Cristiano Felicio has failed to crack even the periphery of a rotation that includes an absent Lauri Markkanen and Bobby Portis. Aside from a stretch at the beginning of the season in which he averaged 20 minutes across eight appearances, he's been a non-factor. Chicago is still inclined to roll with Robin Lopez, a 30-year-old and eventual buyout candidate, over him.
Wendell Carter Jr. makes it difficult to sprinkle in burn for Felicio, but not impossible. Coming up with a reason to play him is the tougher task. Felicio is neither rim protector nor floor-spacer, and Chicago doesn't have the shooters to maximize his short rolls. He has some nifty moves in the post, but the half-court offense is strained enough without letting him eat away at their flow.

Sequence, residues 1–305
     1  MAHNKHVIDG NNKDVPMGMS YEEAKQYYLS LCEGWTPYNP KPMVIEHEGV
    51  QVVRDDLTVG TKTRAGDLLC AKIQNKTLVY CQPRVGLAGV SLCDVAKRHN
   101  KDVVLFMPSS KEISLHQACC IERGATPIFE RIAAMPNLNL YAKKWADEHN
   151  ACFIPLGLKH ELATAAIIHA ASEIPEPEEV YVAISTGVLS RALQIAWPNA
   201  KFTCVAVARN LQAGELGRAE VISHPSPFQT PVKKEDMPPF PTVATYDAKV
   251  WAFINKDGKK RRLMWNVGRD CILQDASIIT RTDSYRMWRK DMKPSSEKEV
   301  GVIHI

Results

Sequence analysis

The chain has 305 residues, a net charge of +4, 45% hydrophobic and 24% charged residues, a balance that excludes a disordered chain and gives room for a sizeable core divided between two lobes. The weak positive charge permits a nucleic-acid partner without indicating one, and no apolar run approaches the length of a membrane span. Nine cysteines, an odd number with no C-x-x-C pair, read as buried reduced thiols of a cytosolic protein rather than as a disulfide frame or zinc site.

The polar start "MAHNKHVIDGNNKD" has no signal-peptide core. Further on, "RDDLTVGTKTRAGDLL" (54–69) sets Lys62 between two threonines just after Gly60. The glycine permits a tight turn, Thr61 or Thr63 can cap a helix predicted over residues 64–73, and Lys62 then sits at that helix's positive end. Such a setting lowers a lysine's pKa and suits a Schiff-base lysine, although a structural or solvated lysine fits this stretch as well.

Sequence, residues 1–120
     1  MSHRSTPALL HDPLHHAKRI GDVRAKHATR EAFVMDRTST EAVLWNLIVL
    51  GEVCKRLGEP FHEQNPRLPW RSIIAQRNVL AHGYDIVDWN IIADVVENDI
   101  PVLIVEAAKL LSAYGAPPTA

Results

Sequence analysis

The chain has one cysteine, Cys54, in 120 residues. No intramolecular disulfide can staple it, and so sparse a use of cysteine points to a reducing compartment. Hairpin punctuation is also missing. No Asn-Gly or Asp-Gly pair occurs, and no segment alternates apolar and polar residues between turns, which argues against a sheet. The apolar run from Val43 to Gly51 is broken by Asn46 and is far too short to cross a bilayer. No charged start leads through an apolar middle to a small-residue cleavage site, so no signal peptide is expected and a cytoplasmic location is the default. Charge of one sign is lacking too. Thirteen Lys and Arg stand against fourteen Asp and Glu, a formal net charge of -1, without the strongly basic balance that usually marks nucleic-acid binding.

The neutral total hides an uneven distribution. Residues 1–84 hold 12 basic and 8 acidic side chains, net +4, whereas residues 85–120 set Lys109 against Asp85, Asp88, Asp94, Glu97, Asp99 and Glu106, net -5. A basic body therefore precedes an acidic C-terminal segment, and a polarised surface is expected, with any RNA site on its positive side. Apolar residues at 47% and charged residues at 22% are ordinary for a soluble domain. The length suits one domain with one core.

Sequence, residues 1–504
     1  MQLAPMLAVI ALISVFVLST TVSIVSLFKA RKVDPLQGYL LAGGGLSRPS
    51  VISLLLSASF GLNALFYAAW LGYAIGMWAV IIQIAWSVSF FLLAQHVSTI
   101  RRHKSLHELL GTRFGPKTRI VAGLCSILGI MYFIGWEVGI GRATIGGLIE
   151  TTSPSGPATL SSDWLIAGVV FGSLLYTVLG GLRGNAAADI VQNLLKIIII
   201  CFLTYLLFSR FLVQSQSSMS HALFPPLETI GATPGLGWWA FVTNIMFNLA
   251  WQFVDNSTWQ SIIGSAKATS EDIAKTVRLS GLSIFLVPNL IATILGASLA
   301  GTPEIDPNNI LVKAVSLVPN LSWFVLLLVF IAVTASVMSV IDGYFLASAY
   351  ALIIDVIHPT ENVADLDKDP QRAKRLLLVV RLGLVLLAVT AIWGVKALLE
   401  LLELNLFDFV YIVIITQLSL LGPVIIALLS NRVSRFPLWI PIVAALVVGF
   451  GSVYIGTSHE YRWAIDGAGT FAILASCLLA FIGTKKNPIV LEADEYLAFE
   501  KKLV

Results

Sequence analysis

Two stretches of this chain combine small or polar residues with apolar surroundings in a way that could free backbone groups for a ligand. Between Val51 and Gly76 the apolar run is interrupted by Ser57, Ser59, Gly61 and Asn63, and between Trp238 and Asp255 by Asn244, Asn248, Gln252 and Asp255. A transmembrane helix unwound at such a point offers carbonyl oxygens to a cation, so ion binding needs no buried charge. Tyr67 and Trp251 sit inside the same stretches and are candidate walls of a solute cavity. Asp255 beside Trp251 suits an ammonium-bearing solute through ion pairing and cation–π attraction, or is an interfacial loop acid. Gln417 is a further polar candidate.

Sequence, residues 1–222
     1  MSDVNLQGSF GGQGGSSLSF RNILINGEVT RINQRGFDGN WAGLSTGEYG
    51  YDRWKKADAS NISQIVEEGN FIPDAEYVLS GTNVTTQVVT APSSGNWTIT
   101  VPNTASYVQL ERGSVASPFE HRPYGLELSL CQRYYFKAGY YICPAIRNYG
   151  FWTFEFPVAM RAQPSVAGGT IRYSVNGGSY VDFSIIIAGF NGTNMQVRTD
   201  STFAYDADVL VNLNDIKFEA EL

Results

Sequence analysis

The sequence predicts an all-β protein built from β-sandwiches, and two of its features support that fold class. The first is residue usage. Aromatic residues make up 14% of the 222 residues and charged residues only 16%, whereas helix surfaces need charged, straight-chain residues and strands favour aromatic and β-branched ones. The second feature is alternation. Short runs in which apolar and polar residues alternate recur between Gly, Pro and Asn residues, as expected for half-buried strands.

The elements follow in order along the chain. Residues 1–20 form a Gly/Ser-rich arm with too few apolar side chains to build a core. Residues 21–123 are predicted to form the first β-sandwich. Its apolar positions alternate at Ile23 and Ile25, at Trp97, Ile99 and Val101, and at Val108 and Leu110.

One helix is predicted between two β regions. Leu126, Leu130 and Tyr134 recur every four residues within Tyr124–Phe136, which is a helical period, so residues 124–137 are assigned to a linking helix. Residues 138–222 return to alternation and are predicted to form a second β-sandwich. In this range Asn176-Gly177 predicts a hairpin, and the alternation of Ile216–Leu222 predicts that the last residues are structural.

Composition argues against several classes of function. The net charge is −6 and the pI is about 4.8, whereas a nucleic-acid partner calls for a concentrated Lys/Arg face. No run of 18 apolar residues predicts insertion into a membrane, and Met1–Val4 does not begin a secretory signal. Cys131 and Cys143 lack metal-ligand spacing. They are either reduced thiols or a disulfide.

That the Bulls gave Felicio a four-year, $32 million deal after the summer of 2016 remains a boneheaded move.
Solomon Hill, New Orleans Pelicans
Contract Details: 2 years, $25.0 million
2018-19 salary: $12.3 million
Solomon Hill does have a torn left hamstring to use as an excuse for his mounting irrelevance this time around—unless, of course, you believe his injury has since precluded him from tallying true-wing minutes. Which, maybe.
New Orleans has entirely removed Hill from the rotation. He's made just one appearance since the start of November, with no cause for change in sight.
Nikola Mirotic and Julius Randle are sponging up most of the minutes at power forward, and lineups with Hill at the 4 haven't been stingy enough on defense to keep him in the fold.